I talked to Gene Medler backstage at the dress rehearsal for today's North Carolina Youth Tap Ensemble performances (two shoes, 2 and 7 pm, Carolina Theater).
Gene's story illustrates living Plan B.
He was talking about how much he enjoys teaching tap at Elon College when I asked: "Can people as old as college students become good tappers?"
"Well, I was 28 when I started," he said.
I asked how it happened -- it must have been when tap was pretty unpopular. Tap, like the accordion, went through a profound period of unhipness before it became rehabilitated in recent years.
He told me he'd been out of graduate school for a while and was doing a little acting for fun. "Mostly sword carrying." In one show his character took tap-dancing lessons. He really liked it and continued taking lessons after the show was over.
But back up. "You went to graduate school? In what?" "Phys Ed. I wanted to be a coach." Gene is very tall. "Basketball?" "No, fencing." "So you wanted to be a fencing coach, but you were acting, and while you were acting, you got into tap-dance?" "Yes, and I started teaching it to my hippy friends. Sometimes I learned something and taught it to my friends the next day. I learned it better that way."
"Was it the first time you'd ever seen tap?" "No, my dad knew a little. He was a minor-league baseball player and picked it up from a Puerto Rican team-mate on one of the farm teams. He could do a little soft-shoe." Gene demonstrated a little soft-shoe while singing "Take Me Out To the Ballgame" under his breath. "I thought it was pretty cool. Oh, I would have been embarrassed if he'd ever done it in public, but in the garage, it was pretty cool."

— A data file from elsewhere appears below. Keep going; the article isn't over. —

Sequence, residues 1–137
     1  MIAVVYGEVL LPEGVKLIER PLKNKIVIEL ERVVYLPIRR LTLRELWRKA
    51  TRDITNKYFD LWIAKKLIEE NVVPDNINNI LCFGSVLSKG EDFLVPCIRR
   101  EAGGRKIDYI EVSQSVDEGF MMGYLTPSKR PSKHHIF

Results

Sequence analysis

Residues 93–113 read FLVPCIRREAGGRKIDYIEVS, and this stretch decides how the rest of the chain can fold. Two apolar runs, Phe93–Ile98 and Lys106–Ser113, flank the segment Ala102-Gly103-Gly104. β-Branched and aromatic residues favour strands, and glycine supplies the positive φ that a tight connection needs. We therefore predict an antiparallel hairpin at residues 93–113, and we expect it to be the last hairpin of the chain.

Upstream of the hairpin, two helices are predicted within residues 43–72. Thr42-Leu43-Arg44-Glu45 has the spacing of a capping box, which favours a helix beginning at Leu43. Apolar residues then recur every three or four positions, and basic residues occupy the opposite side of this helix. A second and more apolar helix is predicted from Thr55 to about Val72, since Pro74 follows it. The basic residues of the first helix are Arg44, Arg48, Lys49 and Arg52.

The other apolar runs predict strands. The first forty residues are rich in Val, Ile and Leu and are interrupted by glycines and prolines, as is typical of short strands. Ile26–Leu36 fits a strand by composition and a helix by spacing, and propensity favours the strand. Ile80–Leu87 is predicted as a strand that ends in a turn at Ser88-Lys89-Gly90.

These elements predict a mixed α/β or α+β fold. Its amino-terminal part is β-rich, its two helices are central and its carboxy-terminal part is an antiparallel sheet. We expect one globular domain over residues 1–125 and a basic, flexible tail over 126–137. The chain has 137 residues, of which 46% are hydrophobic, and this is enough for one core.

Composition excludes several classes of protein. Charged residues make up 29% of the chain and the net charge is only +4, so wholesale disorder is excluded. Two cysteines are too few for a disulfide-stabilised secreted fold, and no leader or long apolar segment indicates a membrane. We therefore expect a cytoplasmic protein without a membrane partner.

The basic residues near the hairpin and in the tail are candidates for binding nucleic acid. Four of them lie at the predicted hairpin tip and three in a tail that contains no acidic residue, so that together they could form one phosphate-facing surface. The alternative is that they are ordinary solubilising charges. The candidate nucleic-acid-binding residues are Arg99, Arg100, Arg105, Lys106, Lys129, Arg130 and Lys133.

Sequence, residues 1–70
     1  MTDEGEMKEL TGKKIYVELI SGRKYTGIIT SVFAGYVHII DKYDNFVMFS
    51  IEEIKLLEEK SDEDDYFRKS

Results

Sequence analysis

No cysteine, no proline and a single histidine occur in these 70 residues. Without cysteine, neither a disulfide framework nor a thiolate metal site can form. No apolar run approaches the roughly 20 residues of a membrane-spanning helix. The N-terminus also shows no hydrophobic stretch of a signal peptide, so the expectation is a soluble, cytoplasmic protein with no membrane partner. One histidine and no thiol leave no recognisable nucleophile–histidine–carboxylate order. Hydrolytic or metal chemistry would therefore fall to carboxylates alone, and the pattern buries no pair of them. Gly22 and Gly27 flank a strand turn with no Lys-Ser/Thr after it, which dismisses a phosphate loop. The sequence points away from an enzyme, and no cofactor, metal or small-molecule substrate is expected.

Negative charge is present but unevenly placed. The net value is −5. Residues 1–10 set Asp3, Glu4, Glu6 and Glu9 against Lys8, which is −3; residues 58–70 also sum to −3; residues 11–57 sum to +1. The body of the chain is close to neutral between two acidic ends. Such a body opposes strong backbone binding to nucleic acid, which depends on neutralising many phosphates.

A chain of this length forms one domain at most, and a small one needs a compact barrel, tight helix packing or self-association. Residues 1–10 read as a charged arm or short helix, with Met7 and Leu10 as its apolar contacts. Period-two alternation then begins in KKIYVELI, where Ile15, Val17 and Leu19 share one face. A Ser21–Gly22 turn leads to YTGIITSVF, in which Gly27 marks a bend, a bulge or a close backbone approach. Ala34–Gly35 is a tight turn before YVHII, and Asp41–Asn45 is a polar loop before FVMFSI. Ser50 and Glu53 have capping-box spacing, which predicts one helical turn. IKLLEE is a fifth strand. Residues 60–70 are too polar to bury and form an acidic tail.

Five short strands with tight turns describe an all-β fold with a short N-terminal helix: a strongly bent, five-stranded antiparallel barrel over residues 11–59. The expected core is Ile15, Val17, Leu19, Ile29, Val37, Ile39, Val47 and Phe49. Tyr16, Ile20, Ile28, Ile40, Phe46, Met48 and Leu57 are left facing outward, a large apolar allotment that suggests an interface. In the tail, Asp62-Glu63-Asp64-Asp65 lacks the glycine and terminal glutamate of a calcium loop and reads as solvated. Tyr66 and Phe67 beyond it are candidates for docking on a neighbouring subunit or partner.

"What really made me decide to stick with tap was going to the "Word of Foot" festival at the Village Gate in New York in 1980. All the greats were there. [Gene rattled off about twenty names but I can't remember them except John Bubbles.] I took lessons there with Gregory Hines. After that, I had a troupe for a while, the Taptations. But I always loved teaching.
"In 1982 I had ten kids tapping, five boys and five girls, and they were really good. And I said 'let's not just have a recital this year, let's start a company. I'll make up all the dances and we'll put on a show.'" (Shades of Mickey Rooney!)
It eventually became the North Carolina Youth Tap Ensemble, through which year after year Gene crafts excellent performances with a couple dozen (or more) kids from 6 to 18, kids with boundless energy, in constant overdrive but engaged, focused, and completely devoted to Gene and the task at hand.
Gene is a great teacher. Mild and calm, never surprised, angry, or rattled - just right for the director of 40 hyper-active kids. He paces himself cause he's in it for the long haul.
The kids love him to pieces and they all cry, boys and girls both, when they have to graduate high school and leave him. He's got pieces of himself all over the planet in the hearts of his former students, many of whom are still tapping away.
Update: The shows today were lovely. The kids were little dancing dervishes and Gene got out there and shook a leg himself. A tiny tapper played her violin with me on one number. Life is good.
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